Monday, July 23, 2018

No Offense Intended

Let's say I want to control my group or tribe or nation.  I could use charisma, or I could use force, or I could use religion.  I may not have the needed charisma, which is a fickle thing anyway.  I could use force, but killing is just wasting those economic assets known as humans.  So, I would probably use religion, which seems to come natural to humans and could more easily build long-term security for me and my family.

To use religion, I would first create some magical story, history, hierarchy, rituals, etc.  But, to provide that sense of permanence and grandeur, I would also need a proper structure, calling it a temple or church or something.  The bigger and grander, the better!  It is a useful crowd control tool.


I first stumbled across Erich von Daniken's best-selling Chariots of the Gods in the mid-1970's and found it to be mildly interesting.  His theory was that extraterrestrial visitors ("ancient astronauts") had visited our planet, leaving mysteries behind.  As it would require "proving a negative" that his theory was wrong, I remained curious about certain of the mysteries, such as the famous Nazca desert pictographs.

There is now a television show called "Ancient Aliens," which I normally avoid, taking strong issue with their argument that any unanswered rhetorical question automatically proves the theory, e.g., is it possible that UFOs landed in Washington, D.C., and stole 585 brains?  There is no way to prove such a fanciful event did NOT occur.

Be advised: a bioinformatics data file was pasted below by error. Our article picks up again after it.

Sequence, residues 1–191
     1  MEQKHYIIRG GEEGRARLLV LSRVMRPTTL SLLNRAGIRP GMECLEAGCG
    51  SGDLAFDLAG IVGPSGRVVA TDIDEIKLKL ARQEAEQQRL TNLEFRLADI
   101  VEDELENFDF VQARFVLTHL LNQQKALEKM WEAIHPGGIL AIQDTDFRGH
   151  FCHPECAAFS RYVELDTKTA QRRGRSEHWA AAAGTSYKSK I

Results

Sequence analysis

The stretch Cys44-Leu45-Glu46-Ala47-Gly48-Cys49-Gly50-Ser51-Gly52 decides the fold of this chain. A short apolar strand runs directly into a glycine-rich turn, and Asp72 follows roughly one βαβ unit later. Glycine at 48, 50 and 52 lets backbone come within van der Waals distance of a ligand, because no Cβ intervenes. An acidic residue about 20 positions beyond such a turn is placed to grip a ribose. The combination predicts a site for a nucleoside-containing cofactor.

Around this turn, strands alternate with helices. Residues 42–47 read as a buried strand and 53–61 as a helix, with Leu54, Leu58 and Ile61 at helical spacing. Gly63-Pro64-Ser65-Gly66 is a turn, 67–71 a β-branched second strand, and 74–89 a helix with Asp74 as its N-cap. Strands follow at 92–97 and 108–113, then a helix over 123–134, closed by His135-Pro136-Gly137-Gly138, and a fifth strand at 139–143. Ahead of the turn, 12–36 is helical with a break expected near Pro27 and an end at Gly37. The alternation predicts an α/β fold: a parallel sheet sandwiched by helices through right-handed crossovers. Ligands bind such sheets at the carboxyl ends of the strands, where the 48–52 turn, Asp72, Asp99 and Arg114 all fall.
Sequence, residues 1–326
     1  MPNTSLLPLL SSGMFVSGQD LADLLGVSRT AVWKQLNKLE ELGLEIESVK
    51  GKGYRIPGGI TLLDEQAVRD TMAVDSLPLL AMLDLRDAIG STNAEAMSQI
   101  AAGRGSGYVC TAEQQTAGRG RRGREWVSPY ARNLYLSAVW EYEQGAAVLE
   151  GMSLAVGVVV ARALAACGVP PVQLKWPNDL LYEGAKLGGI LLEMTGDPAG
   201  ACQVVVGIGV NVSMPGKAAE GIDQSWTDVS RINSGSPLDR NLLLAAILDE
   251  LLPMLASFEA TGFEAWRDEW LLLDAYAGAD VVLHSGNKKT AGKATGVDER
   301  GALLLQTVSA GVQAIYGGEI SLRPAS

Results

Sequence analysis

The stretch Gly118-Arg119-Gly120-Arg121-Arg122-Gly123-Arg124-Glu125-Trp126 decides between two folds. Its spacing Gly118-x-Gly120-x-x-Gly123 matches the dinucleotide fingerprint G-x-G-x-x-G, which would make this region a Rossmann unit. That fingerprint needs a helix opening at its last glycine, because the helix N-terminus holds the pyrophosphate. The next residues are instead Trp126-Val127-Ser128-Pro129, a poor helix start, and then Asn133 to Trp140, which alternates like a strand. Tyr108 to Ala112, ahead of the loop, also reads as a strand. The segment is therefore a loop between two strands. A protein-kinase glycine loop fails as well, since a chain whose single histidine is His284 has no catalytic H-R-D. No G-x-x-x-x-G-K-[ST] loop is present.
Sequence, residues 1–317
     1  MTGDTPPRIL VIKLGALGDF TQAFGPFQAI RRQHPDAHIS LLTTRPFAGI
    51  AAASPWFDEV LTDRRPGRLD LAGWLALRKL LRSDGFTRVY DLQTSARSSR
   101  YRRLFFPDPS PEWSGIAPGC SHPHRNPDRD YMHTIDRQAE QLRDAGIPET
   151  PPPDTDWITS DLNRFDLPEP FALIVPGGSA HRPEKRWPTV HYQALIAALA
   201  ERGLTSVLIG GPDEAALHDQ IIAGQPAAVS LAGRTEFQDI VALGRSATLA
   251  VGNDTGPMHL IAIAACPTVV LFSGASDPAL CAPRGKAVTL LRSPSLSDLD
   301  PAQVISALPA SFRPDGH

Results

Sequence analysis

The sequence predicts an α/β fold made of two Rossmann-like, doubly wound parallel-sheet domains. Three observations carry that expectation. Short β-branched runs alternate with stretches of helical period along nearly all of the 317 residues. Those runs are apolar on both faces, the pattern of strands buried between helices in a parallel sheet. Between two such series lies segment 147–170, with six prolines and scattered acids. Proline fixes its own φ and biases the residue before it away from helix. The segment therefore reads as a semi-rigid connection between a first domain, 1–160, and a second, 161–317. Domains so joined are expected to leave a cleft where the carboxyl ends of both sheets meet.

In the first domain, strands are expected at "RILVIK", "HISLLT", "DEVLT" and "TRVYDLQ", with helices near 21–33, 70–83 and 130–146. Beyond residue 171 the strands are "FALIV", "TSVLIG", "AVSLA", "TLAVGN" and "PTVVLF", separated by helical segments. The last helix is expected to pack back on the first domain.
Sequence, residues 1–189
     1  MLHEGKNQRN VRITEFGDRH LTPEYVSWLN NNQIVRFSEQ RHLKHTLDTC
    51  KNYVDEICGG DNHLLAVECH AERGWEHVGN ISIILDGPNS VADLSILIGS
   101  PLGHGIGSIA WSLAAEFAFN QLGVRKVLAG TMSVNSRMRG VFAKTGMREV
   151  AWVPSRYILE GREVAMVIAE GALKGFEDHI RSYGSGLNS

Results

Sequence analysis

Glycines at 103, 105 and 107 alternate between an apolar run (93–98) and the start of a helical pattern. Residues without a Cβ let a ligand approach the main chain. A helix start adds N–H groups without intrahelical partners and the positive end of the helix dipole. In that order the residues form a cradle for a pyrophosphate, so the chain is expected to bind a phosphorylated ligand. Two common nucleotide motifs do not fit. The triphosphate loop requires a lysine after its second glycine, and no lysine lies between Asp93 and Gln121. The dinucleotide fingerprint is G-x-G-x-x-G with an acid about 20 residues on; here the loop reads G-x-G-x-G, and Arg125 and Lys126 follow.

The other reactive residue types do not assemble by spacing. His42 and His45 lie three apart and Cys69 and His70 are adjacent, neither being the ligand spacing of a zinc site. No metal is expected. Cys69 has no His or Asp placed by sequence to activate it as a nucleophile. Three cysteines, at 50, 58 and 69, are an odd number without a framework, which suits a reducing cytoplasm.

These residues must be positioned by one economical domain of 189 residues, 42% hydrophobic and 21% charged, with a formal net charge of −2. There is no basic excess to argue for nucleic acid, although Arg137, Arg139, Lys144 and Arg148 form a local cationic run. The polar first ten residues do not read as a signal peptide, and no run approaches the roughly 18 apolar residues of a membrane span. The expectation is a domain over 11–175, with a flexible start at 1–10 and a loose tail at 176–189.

So, producers of this new TV show have scoured the globe in search of every odd-looking hill to raise silly rhetorical questions, such as "did the government of China cover this huge pyramid that might hold secrets left by UFOs"  My suspicion is that some control-freak two thousand years ago wanted to put his people into religious servitude and built the only thing he could build -- stacks of rocks.  What did you expect control-freaks to build two thousand years ago -- Trump Tower??